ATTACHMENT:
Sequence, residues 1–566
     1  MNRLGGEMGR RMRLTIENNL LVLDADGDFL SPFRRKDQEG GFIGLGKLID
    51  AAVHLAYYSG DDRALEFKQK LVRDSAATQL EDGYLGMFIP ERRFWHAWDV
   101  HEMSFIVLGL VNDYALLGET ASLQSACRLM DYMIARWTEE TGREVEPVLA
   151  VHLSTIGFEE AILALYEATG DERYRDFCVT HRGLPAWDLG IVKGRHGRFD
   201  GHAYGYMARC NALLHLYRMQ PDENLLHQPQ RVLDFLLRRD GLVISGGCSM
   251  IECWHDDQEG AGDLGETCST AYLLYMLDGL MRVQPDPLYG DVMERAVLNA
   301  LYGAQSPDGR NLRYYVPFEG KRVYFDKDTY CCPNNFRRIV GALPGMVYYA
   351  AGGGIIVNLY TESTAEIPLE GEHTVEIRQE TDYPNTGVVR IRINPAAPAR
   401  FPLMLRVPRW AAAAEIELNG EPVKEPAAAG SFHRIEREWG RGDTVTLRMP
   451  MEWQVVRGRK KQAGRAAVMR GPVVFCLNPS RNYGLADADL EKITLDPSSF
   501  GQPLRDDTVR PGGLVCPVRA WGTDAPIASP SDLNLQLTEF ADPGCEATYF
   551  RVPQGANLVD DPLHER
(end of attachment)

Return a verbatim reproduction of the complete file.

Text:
Sequence, residues 1–566
     1  MNRLGGEMGR RMRLTIENNL LVLDADGDFL SPFRRKDQEG GFIGLGKLID
    51  AAVHLAYYSG DDRALEFKQK LVRDSAATQL EDGYLGMFIP ERRFWHAWDV
   101  HEMSFIVLGL VNDYALLGET ASLQSACRLM DYMIARWTEE TGREVEPVLA
   151  VHLSTIGFEE AILALYEATG DERYRDFCVT HRGLPAWDLG IVKGRHGRFD
   201  GHAYGYMARC NALLHLYRMQ PDENLLHQPQ RVLDFLLRRD GLVISGGCSM
   251  IECWHDDQEG AGDLGETCST AYLLYMLDGL MRVQPDPLYG DVMERAVLNA
   301  LYGAQSPDGR NLRYYVPFEG KRVYFDKDTY CCPNNFRRIV GALPGMVYYA
   351  AGGGIIVNLY TESTAEIPLE GEHTVEIRQE TDYPNTGVVR IRINPAAPAR
   401  FPLMLRVPRW AAAAEIELNG EPVKEPAAAG SFHRIEREWG RGDTVTLRMP
   451  MEWQVVRGRK KQAGRAAVMR GPVVFCLNPS RNYGLADADL EKITLDPSSF
   501  GQPLRDDTVR PGGLVCPVRA WGTDAPIASP SDLNLQLTEF ADPGCEATYF
   551  RVPQGANLVD DPLHER